There is a very definite visual aesthetic to your music – how much is this a result of your artistic background, and how much is collaborating with artists who ‘get’ you?

Carter Tanton, Orion Rigel Dommisse, Ben McConnell, Brian McTear, Helena Espval – the players on this record –  really “get me”. We have a lot of the same influences. I trusted them to do whatever they wanted. I tend to only collaborate now with people who I know get me and vice versa. I also think the visual aesthetic comes from mostly my view on the world and also the views of the world that all the players I collaborate with have. I am lucky to know such great people who are so easy to work with.

Speaking of collaborations, last year you collaborated on a black metal project with Xasthur – how the dickens did that come about?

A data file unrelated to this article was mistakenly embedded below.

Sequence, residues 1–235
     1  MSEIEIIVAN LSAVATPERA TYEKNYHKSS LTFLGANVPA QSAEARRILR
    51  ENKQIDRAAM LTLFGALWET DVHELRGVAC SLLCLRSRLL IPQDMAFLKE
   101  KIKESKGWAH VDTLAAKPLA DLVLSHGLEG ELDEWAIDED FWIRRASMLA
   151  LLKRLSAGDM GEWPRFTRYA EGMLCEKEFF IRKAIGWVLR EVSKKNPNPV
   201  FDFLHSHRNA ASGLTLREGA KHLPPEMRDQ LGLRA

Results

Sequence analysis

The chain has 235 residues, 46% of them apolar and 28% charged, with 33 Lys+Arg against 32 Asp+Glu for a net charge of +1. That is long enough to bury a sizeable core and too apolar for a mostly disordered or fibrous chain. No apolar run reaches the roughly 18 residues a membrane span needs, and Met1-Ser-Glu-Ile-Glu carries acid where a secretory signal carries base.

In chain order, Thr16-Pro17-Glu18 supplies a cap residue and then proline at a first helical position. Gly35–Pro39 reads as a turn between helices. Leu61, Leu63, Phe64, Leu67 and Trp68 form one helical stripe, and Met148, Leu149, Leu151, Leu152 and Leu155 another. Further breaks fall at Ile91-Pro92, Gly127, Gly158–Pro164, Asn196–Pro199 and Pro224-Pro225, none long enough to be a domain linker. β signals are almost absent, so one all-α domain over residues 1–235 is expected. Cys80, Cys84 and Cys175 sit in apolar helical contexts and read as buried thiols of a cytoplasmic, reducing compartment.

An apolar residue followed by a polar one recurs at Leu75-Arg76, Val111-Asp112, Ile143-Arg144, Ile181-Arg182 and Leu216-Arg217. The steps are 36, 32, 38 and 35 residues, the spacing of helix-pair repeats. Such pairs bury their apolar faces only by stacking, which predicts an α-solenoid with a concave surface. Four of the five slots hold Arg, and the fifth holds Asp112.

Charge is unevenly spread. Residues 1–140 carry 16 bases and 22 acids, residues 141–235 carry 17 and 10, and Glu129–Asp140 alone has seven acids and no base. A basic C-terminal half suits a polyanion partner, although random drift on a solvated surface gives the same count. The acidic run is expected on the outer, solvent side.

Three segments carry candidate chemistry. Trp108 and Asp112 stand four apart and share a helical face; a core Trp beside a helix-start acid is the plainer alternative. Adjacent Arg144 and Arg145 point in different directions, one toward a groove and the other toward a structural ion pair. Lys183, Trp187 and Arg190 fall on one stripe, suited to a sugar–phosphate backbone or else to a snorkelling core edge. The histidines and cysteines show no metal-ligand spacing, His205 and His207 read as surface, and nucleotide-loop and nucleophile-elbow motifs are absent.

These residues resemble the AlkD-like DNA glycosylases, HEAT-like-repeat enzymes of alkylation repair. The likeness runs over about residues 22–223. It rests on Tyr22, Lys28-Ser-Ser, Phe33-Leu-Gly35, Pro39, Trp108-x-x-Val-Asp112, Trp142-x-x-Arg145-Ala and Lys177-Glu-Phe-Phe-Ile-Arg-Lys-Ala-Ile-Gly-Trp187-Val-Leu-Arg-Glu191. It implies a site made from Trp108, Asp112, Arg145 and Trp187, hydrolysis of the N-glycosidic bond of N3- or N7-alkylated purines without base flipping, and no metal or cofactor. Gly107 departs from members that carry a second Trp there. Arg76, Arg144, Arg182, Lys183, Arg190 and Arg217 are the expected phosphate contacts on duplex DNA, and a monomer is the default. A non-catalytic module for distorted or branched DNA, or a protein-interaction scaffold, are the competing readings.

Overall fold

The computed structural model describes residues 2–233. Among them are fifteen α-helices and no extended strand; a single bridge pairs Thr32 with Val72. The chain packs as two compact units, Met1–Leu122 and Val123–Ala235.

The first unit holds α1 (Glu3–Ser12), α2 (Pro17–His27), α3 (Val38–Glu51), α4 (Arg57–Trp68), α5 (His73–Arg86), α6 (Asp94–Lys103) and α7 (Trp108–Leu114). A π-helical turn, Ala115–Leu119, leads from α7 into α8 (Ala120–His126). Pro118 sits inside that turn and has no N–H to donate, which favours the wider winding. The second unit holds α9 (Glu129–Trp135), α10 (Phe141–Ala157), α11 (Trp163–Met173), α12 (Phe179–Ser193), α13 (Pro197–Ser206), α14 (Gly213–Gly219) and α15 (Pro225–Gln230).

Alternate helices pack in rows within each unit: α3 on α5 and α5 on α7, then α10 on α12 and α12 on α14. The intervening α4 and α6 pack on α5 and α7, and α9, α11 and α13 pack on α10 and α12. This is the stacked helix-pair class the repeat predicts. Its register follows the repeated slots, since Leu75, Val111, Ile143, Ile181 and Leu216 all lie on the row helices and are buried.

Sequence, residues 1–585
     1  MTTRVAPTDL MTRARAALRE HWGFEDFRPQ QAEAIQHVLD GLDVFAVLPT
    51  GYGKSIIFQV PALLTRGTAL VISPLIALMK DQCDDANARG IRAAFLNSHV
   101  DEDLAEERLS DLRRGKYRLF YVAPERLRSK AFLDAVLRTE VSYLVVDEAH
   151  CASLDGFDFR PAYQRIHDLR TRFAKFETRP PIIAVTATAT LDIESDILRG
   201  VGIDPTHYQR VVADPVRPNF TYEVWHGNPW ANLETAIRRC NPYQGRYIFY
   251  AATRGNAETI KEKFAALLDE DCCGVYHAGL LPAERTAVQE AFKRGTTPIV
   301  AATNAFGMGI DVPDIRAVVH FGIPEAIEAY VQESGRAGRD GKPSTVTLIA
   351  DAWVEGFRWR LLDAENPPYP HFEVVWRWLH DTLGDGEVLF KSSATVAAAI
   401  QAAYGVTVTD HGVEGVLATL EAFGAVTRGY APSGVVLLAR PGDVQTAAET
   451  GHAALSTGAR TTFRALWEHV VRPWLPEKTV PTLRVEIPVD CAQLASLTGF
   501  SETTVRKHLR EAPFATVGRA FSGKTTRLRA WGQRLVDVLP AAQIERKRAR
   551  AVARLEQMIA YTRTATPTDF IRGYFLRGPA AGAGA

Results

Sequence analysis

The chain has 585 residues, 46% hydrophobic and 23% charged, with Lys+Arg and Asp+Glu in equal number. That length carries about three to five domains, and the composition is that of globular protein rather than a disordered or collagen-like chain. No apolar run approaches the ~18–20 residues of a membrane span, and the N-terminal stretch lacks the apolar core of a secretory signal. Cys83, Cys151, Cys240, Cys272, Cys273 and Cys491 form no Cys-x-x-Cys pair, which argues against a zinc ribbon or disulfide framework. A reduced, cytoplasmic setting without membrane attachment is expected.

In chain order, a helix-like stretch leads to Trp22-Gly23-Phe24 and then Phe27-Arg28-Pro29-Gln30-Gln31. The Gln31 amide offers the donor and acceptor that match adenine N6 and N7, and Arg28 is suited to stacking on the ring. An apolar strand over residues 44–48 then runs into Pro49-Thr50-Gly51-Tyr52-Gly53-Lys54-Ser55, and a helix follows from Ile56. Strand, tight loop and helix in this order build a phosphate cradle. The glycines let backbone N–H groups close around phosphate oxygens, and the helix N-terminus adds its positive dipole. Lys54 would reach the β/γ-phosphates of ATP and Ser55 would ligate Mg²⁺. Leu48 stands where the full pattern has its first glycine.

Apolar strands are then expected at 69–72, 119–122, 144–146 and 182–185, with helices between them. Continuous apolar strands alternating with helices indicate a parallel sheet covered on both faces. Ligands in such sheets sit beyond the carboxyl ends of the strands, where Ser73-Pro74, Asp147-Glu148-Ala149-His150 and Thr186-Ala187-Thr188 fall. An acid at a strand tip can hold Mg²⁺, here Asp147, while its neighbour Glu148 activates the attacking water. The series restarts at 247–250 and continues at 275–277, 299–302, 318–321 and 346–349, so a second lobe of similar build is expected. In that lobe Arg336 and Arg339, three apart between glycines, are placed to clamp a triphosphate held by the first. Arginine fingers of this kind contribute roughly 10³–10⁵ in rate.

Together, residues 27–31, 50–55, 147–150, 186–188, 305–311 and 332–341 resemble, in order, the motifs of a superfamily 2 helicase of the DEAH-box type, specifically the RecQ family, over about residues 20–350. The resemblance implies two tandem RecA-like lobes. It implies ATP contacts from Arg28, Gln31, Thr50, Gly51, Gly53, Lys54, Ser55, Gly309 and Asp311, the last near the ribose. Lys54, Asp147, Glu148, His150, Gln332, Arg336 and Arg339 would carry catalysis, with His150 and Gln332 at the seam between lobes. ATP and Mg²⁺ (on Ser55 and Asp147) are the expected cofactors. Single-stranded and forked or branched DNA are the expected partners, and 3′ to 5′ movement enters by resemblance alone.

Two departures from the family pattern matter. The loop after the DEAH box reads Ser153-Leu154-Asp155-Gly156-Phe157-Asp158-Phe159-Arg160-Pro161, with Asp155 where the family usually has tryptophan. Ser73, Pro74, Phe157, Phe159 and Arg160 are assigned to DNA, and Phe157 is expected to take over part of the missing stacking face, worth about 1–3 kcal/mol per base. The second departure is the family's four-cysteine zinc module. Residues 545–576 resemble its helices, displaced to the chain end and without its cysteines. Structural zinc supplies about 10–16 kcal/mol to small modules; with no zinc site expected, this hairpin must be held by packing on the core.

Scott, aka Xasthur or Malefic, was a fan of my singing and dark subject matter. It actually makes a lot of sense. We are both notoriously shy and hermetic and both make dark atmospheric music. He just happens to be known for Black Metal and I happen to have never put down the acoustic guitars. My bass player, Jonas, who also plays in Alela Diane and the Wild Divine, used to play in Earth, who I played a lot of shows with when I was working with Eclipse Booking. Eclipse also booked a lot of heavy music and black metal. So, Scott knew Jonas because they played a couple shows together a while ago, and asked Jonas if I would sing on Portal of Sorrow. I was excited to try something completely different. I had a good time working on Xasthur and definitely think Scott and I will continue to collaborate in the future.

Marissa Nadler – Baby I Will Leave You in the Morning

Nadler’s self-titled fifth album is set for release on June 14.